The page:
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Linux Setup

The following steps are required to use the CYW20735B1 evaluation kit as normal HCI device on Linux with BlueZ.

1. Setup as HCI device

You need to set the baud rate to 3 Mbit/s. Replace /dev/ttyUSB0 with your device.

btattach -B /dev/ttyUSB0 -S 3000000

If this does not work directly, use:

stty -F /dev/ttyUSB0 3000000
btattach -B /dev/ttyUSB0

Sometimes, you need to plug/unplug the evaluation board multiple times and run a combination of the commands above. If setup was successful can be checked with hciconfig. A MAC address with all zeros indicates that the baud rate was not set correctly and you need to try again.

2. Use with BlueZ

Assuming that you already have a regular Bluetooth device, you new device is hci1.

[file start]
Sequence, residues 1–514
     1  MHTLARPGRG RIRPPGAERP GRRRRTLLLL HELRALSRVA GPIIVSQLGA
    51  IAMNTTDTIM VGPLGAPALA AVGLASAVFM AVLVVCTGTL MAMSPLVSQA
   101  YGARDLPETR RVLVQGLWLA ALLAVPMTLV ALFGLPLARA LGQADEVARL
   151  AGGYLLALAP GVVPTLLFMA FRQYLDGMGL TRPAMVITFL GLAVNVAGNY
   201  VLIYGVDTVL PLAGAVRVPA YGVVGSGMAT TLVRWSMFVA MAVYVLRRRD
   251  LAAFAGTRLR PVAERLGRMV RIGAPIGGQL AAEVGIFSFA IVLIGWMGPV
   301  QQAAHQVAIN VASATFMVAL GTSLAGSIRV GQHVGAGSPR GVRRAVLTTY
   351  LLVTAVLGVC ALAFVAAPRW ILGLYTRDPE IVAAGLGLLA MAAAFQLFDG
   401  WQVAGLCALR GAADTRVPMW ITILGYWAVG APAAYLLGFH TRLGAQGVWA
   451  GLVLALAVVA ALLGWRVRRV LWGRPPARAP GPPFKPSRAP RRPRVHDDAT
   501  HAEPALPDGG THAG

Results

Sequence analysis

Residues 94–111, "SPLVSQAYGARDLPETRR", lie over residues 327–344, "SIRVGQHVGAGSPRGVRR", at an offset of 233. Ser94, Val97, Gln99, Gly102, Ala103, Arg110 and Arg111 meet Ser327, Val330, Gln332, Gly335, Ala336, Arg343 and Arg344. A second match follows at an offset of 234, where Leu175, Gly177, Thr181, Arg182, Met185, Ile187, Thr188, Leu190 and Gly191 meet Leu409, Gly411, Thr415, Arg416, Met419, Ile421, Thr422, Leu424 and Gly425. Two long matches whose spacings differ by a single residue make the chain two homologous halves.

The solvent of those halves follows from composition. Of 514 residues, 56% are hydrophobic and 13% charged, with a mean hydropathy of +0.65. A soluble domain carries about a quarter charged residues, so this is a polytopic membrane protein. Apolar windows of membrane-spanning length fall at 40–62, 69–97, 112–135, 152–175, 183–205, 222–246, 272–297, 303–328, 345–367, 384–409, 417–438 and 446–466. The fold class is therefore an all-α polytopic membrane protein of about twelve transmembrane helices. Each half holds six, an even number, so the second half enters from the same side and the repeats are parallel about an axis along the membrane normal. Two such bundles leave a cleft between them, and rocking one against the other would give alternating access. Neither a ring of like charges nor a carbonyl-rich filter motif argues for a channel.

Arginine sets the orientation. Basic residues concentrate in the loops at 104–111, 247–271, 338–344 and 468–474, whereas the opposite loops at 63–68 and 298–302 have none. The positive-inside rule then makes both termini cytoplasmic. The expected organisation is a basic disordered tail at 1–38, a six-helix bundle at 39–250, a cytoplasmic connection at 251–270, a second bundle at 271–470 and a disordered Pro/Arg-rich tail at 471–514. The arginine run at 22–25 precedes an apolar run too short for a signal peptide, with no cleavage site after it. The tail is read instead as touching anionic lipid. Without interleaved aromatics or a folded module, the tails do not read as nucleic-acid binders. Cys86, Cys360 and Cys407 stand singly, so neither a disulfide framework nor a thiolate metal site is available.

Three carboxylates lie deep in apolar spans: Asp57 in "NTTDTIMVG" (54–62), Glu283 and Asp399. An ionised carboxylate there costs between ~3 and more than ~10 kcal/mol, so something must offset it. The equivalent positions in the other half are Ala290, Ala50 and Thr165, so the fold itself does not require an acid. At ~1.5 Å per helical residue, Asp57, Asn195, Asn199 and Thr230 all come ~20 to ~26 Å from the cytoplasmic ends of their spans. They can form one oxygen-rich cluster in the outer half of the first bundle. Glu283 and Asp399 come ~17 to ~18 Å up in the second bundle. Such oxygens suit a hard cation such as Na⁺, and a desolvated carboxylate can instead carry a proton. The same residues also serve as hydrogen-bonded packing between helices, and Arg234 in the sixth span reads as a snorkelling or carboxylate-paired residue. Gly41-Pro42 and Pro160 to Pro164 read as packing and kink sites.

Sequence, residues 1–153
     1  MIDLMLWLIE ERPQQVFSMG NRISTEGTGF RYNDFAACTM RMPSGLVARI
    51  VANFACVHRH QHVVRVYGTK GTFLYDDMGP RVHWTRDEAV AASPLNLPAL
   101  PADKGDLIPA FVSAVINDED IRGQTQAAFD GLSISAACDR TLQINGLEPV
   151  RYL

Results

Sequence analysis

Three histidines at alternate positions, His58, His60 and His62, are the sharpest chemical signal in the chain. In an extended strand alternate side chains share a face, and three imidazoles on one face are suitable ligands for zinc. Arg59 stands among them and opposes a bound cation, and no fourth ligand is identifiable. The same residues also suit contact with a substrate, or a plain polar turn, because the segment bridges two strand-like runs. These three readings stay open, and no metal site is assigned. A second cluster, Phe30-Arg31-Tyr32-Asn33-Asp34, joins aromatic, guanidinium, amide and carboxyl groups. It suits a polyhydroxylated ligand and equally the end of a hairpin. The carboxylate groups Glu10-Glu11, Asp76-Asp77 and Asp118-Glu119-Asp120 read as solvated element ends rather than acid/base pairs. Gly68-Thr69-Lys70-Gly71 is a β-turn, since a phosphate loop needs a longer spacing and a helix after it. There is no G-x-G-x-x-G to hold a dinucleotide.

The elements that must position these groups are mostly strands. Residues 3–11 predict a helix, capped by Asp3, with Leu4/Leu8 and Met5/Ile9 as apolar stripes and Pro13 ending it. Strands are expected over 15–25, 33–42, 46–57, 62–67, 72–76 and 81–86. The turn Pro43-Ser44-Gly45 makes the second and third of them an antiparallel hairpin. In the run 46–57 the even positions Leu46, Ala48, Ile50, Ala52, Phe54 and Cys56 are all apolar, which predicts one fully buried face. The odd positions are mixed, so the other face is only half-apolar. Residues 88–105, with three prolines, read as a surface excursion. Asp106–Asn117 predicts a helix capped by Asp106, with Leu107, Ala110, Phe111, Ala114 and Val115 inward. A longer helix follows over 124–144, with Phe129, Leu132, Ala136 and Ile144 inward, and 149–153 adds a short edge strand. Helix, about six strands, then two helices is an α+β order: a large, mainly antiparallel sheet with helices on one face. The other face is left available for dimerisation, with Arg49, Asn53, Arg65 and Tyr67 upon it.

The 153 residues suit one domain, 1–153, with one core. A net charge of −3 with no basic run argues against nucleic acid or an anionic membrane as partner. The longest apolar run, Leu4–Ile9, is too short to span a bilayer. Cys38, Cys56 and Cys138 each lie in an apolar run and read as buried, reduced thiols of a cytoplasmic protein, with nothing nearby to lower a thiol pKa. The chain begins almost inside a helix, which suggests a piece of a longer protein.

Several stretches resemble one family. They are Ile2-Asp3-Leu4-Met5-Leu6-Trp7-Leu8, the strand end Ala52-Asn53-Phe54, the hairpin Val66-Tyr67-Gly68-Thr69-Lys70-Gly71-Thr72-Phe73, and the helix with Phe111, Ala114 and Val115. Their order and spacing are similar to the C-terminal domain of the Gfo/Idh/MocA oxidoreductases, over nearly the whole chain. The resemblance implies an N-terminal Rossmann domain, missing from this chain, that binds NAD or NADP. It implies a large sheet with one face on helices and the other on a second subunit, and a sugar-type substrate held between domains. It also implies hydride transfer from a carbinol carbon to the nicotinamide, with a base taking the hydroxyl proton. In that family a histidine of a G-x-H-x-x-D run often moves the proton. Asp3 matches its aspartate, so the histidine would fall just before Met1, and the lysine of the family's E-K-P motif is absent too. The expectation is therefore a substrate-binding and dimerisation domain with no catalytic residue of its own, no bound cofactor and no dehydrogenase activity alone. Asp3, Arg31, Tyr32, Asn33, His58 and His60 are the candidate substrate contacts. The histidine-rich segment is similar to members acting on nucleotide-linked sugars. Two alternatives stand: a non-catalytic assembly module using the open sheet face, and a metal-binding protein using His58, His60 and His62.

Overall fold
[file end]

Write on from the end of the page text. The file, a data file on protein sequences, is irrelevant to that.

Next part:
hciconfig hci1 up

You can list your HCI devices:

hcitool dev

3. Command line tools for connections

Scanning for devices:

hcitool scan
hcitool lescan

Connections and pairing:

bluetoothctl

Enter into bluetoothctl command prompt:

power on
agent on
default-agent
scan on

Optional - accept connections:

advertise on
pairable on
discoverable on

Do a pairing and then connect:

pair aa:bb:cc:dd:ee:ff
connect aa:bb:cc:dd:ee:ff

Diagnostics

On some devices, diagnostic logging for LMP and LCP already works out of the box. Note that diagnostics can do more, but the additional features are currently not integrated into BlueZ or the Linux kernel.

To enable diagnostics, execute:

echo 1 > /sys/kernel/debug/bluetooth/hci0/vendor_diag

By default, this entry is only created for Intel and Broadcom chips. The evaluation board claims to be Cypress, a different vendor ID, thus the vendor diagnostics are missing. BlueZ already comes with a monitor that decodes some parts of the diagnostic traffic, simply run:

btmon
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